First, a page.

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Four Ways of Thinking That Stifle Company Innovation

  • Four Ways of Thinking That Stifle Company Innovation-
    The organizational design and management theories that gave rise to the dominance of industrial scale and efficiency in production assembly lines still dominate management practices today. And generally, the bigger the company the more the focus is on efficiency, scale, and low-variance operational excellence. The culture, behaviors, processes, measurements, rewards, and tolerance for failure needed to drive operational excellence are fundamentally different from those needed to create innovation, which requires an emphasis on exploration and invention.

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Four Ways of Thinking That Stifle Company Innovation

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  • Four Ways of Thinking That Stifle Company Innovation-2
    The organizational design and management theories that gave rise to the dominance of industrial scale and efficiency in production assembly lines still dominate management practices today. And generally, the bigger the company the more the focus is on efficiency, scale, and low-variance operational excellence. The culture, behaviors, processes, measurements, rewards, and tolerance for failure needed to drive operational excellence are fundamentally different from those needed to create innovation, which requires an emphasis on exploration and invention.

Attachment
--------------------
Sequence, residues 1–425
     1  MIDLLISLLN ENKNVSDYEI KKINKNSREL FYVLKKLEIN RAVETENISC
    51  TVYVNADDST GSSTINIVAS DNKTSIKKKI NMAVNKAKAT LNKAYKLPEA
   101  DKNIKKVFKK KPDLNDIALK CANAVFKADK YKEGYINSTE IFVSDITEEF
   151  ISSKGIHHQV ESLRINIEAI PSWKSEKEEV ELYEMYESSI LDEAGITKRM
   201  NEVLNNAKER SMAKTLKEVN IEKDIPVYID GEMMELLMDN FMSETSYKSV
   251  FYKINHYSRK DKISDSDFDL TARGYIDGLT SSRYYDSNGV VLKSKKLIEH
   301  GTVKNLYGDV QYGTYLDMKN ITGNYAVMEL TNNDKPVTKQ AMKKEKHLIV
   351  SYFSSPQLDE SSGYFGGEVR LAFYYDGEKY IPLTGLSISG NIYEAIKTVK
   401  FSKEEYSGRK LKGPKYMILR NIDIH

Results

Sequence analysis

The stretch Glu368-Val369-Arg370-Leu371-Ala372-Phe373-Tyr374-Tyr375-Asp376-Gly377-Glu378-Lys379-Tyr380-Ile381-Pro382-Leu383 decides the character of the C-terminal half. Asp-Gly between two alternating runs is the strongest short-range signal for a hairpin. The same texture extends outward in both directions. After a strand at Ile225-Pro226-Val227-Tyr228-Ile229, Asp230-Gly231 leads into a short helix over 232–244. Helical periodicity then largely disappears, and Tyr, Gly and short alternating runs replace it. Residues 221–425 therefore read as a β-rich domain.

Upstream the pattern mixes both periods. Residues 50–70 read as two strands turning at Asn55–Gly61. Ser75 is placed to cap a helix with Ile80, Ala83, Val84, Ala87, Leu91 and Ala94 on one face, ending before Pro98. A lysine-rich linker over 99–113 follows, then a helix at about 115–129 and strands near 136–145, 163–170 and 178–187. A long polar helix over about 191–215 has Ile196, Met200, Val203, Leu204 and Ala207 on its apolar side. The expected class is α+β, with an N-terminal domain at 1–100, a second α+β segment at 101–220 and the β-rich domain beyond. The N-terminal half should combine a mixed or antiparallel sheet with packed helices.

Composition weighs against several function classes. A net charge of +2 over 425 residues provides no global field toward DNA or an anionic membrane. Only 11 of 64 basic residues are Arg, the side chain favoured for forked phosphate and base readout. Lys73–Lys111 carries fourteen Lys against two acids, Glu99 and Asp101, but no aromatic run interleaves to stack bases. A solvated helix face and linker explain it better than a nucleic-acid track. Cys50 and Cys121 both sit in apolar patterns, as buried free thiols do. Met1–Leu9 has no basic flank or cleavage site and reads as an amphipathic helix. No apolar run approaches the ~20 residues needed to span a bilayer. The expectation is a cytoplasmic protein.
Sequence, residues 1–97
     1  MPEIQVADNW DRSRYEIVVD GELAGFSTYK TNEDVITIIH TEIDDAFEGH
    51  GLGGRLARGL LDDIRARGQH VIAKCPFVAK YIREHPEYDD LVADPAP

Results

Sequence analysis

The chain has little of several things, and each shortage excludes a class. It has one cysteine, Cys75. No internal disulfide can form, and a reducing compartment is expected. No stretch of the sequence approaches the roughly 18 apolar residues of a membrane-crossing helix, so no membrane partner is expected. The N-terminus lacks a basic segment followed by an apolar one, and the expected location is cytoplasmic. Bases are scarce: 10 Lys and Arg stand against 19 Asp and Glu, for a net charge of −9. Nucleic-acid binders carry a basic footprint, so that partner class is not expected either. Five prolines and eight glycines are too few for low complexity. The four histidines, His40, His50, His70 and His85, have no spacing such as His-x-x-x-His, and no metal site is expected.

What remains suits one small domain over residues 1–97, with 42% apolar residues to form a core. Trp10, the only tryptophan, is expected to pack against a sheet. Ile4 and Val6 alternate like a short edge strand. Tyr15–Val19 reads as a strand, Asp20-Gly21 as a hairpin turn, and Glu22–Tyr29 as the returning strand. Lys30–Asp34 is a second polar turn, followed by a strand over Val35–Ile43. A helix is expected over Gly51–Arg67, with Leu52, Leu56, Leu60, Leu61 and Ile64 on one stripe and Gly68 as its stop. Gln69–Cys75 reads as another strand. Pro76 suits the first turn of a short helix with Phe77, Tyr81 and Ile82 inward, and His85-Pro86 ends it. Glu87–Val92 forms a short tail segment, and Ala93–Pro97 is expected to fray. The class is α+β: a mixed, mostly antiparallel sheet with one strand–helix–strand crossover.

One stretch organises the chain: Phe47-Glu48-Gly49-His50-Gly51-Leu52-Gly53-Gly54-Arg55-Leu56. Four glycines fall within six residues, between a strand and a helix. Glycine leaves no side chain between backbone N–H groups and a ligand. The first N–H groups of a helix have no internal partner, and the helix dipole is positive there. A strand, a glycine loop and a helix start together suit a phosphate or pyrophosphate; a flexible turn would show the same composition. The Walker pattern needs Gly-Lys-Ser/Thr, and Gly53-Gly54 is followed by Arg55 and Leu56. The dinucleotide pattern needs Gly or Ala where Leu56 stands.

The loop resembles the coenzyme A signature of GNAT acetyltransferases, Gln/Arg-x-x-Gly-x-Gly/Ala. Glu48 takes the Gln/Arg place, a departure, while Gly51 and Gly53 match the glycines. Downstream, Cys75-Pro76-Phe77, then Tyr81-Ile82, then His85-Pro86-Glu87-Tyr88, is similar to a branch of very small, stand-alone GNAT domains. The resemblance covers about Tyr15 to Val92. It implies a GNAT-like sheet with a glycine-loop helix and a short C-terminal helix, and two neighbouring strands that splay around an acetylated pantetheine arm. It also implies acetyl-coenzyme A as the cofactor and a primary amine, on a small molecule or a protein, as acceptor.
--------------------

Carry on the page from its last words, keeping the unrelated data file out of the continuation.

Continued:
Too many companies are anti-innovation without even realizing it. That’s the conclusion drawn by Ed Hess, a professor of business administration at the University of Virginia’s Darden Graduate School of Business and co-author, along with Jeanne Liedtka, of The Physics of Business Growth: Mindsets, System, and Processes.” In order to stifle what's stifling innovation, Hess advises that companies dump these four entrenched ways of thinking.

Too many companies are anti-innovation without even realizing it. That’s the conclusion drawn by Ed Hess, a professor of business administration at the University of Virginia’s Darden Graduate School of Business and co-author, along with Jeanne Liedtka, of The Physics of Business Growth: Mindsets, System, and Processes.” In order to stifle what's stifling innovation, Hess advises that companies dump these four entrenched ways of thinking.